Magnetars comprise a group of isolated neutron stars with powerful magnetic fields, which fully determine the emission properties of these systems. They slow down rapidly, likely under the influence of large magnetic torques.
Originally discovered in 2014, the magnetar SGR J1935+2154 has a rotational period of 6.67 hrs, spin period of 3.24 seconds, spin-down rate of 14.3 picoseconds/second, and a dipole-magnetic field with strength at a level of approximately 220 trillion G, what confirms its magnetar nature. Since its discovery, the magnetar has experienced more than 100 bursts, occurring almost annually.
Now, using NASA’s Fermi and Swift spacecraft, a team of astronomers led by Lin Lin of Beijing Normal University, China has studied SGR J1935+2154, the most recurring transient magnetar known to date. Their investigation has shed more light on the burst properties of this object.
Astronomers mainly focused on 127 short bursts that took place between 2014 and 2016.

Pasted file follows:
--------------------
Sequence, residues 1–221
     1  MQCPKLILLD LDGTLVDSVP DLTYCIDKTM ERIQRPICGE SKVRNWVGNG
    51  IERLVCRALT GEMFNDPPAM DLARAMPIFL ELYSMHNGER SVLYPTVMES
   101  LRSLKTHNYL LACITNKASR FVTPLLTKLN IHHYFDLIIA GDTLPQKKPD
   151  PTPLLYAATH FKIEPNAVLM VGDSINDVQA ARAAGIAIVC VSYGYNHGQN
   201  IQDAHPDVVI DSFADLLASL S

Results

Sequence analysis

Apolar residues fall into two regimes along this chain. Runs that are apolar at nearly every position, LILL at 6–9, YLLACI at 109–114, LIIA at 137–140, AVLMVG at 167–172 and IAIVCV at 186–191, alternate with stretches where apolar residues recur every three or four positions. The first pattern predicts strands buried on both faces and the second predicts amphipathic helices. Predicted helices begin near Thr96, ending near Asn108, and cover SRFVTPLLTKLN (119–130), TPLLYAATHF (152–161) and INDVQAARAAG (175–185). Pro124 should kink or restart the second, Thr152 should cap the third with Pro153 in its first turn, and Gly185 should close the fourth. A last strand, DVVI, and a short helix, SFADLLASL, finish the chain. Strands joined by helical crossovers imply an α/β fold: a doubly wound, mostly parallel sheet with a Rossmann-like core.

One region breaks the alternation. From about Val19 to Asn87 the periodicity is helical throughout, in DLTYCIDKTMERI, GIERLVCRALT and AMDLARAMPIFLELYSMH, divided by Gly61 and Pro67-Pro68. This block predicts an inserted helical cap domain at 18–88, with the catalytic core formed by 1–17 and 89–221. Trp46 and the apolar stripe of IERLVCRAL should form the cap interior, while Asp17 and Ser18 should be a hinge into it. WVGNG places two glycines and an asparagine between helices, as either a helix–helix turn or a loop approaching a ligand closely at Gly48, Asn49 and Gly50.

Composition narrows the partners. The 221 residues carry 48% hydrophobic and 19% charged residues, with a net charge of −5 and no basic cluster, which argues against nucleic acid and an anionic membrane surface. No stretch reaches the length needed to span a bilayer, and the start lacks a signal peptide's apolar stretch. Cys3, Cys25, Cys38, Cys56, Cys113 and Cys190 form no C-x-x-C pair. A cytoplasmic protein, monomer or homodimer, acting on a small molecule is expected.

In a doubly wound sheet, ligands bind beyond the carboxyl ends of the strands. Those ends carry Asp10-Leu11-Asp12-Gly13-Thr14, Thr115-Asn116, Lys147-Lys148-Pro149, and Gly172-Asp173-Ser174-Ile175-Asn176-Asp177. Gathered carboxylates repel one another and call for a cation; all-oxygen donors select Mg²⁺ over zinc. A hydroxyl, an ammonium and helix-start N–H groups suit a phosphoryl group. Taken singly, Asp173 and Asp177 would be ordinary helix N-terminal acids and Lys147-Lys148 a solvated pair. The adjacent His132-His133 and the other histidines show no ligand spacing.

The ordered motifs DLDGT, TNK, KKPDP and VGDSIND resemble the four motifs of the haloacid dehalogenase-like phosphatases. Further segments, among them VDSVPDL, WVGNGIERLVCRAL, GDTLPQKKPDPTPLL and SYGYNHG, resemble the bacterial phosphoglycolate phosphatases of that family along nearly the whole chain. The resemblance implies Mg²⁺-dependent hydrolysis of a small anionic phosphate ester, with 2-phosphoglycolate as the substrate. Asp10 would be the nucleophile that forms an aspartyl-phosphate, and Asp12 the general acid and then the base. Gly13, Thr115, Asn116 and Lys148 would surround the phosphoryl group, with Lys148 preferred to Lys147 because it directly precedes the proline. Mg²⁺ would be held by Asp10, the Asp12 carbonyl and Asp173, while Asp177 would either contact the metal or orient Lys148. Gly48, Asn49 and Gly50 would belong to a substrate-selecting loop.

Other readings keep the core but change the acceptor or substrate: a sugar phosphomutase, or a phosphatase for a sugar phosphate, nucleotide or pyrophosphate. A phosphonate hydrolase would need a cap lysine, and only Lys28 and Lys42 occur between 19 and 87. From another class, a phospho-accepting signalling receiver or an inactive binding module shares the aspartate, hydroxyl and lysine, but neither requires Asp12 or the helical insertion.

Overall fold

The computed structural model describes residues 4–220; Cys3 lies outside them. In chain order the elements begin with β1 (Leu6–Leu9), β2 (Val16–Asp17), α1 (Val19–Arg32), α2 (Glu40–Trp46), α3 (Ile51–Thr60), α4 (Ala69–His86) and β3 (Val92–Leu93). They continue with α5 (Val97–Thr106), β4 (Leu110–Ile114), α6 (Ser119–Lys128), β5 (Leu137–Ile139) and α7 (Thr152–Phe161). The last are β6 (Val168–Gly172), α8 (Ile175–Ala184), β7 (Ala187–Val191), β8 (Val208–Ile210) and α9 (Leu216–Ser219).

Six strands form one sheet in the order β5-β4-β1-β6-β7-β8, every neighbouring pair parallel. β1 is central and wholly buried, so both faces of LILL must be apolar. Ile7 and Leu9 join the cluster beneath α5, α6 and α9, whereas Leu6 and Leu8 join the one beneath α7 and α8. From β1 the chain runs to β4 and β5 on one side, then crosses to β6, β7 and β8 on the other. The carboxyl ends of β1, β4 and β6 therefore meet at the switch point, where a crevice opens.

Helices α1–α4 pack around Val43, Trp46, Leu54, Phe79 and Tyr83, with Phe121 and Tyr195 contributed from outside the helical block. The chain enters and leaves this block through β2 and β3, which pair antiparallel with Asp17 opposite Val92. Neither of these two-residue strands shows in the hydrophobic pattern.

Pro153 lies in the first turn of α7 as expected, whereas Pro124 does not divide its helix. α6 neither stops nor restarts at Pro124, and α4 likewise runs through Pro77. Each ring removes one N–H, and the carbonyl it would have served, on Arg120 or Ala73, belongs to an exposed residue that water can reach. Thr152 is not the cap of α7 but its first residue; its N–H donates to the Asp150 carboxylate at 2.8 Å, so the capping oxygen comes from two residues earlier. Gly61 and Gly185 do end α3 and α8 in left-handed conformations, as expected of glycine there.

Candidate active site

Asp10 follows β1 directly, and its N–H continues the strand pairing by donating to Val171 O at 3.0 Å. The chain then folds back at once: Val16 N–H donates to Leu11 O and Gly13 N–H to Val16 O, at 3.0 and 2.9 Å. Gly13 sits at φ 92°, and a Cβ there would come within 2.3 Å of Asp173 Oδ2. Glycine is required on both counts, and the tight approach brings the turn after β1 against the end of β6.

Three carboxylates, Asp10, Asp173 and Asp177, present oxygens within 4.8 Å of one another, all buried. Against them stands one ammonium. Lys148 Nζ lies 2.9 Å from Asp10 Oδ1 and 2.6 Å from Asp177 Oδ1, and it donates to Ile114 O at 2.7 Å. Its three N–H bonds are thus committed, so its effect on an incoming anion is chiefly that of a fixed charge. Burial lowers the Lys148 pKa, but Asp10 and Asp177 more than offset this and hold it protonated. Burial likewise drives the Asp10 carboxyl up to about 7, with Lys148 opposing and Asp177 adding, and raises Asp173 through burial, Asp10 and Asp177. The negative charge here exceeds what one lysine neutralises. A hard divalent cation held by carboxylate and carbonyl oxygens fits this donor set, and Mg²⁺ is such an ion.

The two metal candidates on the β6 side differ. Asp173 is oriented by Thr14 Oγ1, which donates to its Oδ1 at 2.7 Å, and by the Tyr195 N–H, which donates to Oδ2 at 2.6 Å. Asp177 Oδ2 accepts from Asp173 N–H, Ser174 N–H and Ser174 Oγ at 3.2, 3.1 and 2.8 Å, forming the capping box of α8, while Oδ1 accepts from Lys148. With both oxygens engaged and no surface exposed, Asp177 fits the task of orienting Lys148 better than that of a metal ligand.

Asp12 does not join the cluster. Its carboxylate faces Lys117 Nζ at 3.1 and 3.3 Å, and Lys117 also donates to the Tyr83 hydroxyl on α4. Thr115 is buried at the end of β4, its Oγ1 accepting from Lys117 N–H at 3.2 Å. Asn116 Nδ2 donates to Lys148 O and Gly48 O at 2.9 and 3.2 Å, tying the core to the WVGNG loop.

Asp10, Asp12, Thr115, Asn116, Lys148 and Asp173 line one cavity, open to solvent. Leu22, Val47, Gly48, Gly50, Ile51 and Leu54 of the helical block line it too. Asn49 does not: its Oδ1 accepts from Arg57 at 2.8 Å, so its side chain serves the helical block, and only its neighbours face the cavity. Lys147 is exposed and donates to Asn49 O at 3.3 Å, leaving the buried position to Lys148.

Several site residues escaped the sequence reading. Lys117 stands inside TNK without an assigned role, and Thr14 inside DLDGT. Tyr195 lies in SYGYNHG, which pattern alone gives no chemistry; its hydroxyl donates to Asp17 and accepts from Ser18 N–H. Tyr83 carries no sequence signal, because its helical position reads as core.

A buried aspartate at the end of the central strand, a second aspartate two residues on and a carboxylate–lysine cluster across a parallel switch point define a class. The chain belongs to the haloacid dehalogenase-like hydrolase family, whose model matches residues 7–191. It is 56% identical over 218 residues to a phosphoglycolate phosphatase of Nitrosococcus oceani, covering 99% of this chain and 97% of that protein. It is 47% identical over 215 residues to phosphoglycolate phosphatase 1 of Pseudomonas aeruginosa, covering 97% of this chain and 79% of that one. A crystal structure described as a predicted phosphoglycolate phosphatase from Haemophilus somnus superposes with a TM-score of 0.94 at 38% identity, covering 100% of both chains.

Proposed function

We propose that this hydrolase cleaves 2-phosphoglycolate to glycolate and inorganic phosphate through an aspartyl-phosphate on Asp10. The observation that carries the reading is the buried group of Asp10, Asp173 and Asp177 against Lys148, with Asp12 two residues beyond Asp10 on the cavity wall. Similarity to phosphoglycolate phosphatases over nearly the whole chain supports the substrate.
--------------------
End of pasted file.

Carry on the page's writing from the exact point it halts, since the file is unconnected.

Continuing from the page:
They found that 97 percent of the observed bursts occurred during four active burst episodes, which makes SGR J1935+2154 the most proliﬁc magnetar transient to date.
Astronomers noted, “the total energy ﬂuence emitted in their burst sample is 0.000062 erg/cm2, which corresponds to 1.5 duodecillion erg if the estimated distance to SGR J1935+2154 (approximately 29,300 light-years) is true.”
“The persistent X-ray ﬂux increase of SGRJ1935+2154 is modest at the onset of each outburst, and its value changed by factors of five to 10. This is much lower than the value in most transient magnetars, as they usually showcase X-ray ﬂux increases at a level of between 50 and 100 at the activation onset.”
“The majority of bursts in the 2014 and 2015 active episodes took place on the ﬁrst day of the episode, before subsequently decaying over 100 days.”
“Two episodes in 2016 commenced with two or three bursts and that two outbursts that year were brighter at the onset than those in 2014 and 2015, quickly decaying to the quiescent level.”
“This connection between bursts and outbursts strongly indicates that the total energy released in short bursts accelerated the fading of the persistent outburst (at least one component of the persistent emission).”
- Burst properties of the most recurring transient magnetar SGR J1935+2154. arXiv:2003.10582